A. All sin is ultimately against God, whether directly via blasphemy, or indirectly by hurting one of His children.  And while I see the rhetorical point Paul is going for here, I do not believe that there is something about sexual sin that God will punish or “avenge” more than other sin.  This passage is meant to be a warning to those who were committing sexual sin, but all sin is punished, one way or another.

Q. (4:11): I would think that by “quiet life” mentioned here would mean don’t party, don’t be the center of attention, don’t be obnoxious or rude.

A. Don’t forget gossip, which is your classic combination of not being “quiet” when you should be and also not “minding your own business.”  I suspect that Paul is writing to people who had taken a bit too much interest in the affairs of others.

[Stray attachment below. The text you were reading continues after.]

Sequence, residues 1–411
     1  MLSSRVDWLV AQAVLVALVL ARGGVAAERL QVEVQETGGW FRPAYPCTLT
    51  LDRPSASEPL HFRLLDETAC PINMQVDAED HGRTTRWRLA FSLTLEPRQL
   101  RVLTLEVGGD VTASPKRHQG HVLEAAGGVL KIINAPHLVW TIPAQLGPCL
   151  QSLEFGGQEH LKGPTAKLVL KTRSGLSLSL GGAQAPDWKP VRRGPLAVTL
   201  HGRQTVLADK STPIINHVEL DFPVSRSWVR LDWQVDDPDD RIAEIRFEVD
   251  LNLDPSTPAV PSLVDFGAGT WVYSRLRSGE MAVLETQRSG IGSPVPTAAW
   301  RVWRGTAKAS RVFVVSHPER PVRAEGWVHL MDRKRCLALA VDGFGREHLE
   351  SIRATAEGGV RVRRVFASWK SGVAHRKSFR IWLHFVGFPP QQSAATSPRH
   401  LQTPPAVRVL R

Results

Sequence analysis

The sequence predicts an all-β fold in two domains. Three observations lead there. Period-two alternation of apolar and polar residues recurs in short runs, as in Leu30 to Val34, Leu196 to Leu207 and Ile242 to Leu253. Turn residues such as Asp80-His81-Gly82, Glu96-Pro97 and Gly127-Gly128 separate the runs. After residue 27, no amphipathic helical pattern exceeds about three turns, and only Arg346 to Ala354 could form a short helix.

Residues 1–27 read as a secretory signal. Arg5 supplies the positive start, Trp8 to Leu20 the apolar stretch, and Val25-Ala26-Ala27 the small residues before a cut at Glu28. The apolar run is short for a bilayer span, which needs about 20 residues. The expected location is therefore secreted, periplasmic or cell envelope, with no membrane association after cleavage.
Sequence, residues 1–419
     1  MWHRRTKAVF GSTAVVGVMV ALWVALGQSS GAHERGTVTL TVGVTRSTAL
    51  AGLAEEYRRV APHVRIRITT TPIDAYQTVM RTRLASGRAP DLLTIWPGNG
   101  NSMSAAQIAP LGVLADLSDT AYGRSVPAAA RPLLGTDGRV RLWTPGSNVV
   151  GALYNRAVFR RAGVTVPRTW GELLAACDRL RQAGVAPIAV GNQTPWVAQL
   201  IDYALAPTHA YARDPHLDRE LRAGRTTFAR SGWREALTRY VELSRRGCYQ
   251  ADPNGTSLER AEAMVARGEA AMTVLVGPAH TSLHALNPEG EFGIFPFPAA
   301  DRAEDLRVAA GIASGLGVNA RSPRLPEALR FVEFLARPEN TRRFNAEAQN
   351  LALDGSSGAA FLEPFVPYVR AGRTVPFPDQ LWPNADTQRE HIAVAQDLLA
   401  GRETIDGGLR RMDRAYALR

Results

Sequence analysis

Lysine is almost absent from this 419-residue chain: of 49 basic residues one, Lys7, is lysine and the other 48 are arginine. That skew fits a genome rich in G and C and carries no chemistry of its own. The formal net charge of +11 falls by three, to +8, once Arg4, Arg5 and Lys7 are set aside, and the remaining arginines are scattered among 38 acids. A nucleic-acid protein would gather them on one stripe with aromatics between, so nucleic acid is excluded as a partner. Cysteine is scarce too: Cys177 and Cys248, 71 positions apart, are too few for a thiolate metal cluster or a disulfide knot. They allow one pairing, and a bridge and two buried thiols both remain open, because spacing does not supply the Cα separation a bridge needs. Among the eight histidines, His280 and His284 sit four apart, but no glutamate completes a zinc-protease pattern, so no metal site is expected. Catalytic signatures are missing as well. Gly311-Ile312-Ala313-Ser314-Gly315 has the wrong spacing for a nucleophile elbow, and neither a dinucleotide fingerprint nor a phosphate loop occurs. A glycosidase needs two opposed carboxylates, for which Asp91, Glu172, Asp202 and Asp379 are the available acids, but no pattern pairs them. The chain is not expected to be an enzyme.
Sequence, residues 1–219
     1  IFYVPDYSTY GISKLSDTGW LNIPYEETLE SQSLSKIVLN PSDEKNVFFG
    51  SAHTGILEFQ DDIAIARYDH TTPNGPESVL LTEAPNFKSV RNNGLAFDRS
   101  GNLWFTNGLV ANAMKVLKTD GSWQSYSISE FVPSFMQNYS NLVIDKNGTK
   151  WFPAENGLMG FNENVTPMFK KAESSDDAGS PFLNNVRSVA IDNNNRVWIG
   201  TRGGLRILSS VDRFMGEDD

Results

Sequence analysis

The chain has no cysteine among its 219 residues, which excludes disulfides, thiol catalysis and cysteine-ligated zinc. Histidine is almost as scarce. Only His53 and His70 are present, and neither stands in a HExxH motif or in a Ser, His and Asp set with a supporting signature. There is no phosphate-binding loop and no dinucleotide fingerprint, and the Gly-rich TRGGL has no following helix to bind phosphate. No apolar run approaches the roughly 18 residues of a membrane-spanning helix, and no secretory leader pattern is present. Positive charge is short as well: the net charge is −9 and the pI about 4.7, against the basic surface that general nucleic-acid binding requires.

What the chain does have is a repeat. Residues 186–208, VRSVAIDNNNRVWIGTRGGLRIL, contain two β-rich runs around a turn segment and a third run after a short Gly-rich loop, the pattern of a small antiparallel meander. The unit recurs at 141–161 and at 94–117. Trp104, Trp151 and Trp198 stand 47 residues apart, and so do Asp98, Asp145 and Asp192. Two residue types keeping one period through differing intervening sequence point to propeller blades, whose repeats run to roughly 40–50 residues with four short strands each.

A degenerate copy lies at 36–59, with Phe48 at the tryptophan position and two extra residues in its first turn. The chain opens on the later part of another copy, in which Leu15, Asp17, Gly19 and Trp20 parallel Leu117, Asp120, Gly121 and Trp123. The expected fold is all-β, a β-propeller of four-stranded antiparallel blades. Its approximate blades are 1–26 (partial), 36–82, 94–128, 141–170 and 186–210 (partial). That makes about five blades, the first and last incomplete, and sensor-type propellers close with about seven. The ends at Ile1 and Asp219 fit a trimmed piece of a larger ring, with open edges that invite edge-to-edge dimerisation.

O. (5:11): Love this verse!

Day 319 (Nov. 15): Letter for Gentile believers, Paul and Barnabas separate, Timothy joins Paul, Paul and Silas are called to Macedonia, Paul baptizes Lydia, Paul commands demon out of girl, Paul and Silas imprisoned and miraculously released, Paul and Silas ran out of Thessalonica, Paul welcomed in Berea

46 more days to the finale!

Welcome to BibleBum where we are exploring the entire Bible in one year to better learn how to follow God’s instructions and discover the purpose for our lives.  The BibleBum blog uses The One Year Chronological Bible, the New Living Translation version.  At the end of each day’s reading, Rob, a cultural history aficionado and seminary graduate, answers questions from Leigh An, the blogger host, about the daily scripture.  To start from the beginning, click on “Index” and select Day 1.